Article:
This is a case of the Stealth’s natural tonal balance and accuracy versus the Liric’s energetic PRaT and high contrast coloration.
There is also a difference in staging. The Stealth is more resolving and stretches wider in its staging width but not as voluminous on the low-end nor as sparkling on the highs. It still sounds more open but its 3k peak pulls you much more into the midrange and its accompanying smoother vocal performances.
That additional staging width does not mean a diffuse pitter-patter from the Stealth. Wide staging cues are firmer sounding on the Stealth and thinner and less distinct on the Liric.
What the Liric does really well is to deliver a punchier low-end. Combined with a stronger upper treble it makes for a more dynamic presentation but a cleaner sound.
The Liric is not as smooth or as distortion-free as the Stealth throughout whose timbral consistency is remarkable. But what it lacks in consistency it makes up for in energy, rumble, and sparkle. You could argue it’s the more joyful of the two but it could depend entirely on what you are listening to.
For example, vocals and instruments on the Stealth are much more refined, less likely to produce sibilance, and physically quite solid in terms of weight. Harmonically they are very balanced, not too smooth or bright. Vocals on the Liric can excite but also trip up a bit more from the upper treble overtone if the mix is bright.
Amp synergy for both is key with the Liric sounding better for me on tubes or R2R DAPs which tend to be less treble happy. The Stealth can handle tonal variations better that but it needs a lot more power to tickle the low-end to a satisfactory level.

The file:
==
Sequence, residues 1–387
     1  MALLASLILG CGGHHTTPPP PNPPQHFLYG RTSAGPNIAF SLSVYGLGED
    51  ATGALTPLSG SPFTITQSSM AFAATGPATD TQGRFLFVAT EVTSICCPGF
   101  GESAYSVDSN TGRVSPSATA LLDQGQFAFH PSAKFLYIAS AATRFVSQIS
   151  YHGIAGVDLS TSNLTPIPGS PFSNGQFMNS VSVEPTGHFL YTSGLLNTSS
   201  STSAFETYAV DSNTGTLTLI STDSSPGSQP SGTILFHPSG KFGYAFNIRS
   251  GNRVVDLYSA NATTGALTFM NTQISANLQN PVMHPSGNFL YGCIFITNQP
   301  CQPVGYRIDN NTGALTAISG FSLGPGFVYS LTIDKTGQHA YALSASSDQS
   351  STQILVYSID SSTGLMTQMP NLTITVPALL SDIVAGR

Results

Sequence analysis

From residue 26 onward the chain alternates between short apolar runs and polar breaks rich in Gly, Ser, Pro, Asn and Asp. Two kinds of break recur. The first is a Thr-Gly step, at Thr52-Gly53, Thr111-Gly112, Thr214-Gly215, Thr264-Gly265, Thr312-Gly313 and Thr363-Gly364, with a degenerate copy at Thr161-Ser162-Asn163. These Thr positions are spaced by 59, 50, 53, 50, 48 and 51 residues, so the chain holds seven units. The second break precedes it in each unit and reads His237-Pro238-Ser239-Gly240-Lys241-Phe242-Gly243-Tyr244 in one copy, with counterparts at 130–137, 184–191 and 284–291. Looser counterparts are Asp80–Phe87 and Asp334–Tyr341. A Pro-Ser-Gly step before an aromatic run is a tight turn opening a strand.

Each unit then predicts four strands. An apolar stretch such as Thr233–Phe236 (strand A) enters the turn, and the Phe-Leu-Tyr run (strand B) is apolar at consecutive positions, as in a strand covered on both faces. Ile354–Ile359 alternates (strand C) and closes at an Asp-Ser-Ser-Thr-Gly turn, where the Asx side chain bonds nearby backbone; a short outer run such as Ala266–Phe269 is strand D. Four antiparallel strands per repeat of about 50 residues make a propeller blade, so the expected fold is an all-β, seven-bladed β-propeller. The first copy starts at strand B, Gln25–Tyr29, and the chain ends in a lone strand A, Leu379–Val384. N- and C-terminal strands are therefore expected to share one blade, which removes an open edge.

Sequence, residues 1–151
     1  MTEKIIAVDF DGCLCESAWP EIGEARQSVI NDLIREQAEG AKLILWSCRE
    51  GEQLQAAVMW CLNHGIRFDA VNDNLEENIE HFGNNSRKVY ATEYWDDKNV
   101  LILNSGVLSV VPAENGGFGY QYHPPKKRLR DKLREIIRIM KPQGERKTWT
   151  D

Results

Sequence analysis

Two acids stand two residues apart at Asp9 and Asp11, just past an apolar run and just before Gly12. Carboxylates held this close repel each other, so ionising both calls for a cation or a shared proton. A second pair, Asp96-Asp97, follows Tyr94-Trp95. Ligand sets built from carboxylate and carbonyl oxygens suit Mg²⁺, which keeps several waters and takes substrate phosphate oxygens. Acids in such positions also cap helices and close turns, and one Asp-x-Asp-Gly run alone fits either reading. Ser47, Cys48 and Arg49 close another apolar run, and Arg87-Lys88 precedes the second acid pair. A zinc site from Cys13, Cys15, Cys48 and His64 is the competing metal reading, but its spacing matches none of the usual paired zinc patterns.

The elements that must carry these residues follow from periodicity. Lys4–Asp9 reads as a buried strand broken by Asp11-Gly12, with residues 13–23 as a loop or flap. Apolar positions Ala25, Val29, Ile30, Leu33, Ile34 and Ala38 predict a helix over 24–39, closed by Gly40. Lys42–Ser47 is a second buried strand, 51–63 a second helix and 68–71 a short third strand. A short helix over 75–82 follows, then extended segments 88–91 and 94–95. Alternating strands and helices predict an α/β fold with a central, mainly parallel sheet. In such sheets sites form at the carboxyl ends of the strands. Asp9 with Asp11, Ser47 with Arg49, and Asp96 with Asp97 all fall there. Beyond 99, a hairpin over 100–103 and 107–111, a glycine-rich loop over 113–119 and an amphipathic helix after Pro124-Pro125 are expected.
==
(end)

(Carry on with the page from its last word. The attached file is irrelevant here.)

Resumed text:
The Meze Audio Liric is a welcome addition to a growing closed-back planar headphone market. It brings excellent design and comfort fundamentals from their TOTL headphones into a smaller and more compact size as well as producing class-leading levels of isolation.
Moreover, it has a likable but more aggressive sound signature than what Meze Audio fans might be used to coming from the Empyrean and Elite. It gives up a bit in terms of resolution and dynamic range to its bigger brothers but in return, you get something much more immediate, fun if you like, and an entirely suitable high-end listening experience for portable audio fans.
Don’t let that stop you from plugging it into a big old fat desktop tube amp. It sounds marvelous from the few we tried in this review thus far so it can just as easily sit in the house as an enjoyable home audio purchase.
Meze Audio Liric Specifications
- Driver Type Rinaro Isodynamic Hybrid Array® MZ4
- Operating Principle Closed
- Ear Coupling Circumaural
- Frequency Response 4-92,000 Hz
- Impedance 30 Ω
- Nominal SPL 100 dB (1 mW / 1 kHz)
- Maximum SPL > 130 dB
- Total Harmonic Distortion (THD) <0.15%
- Weight 391 g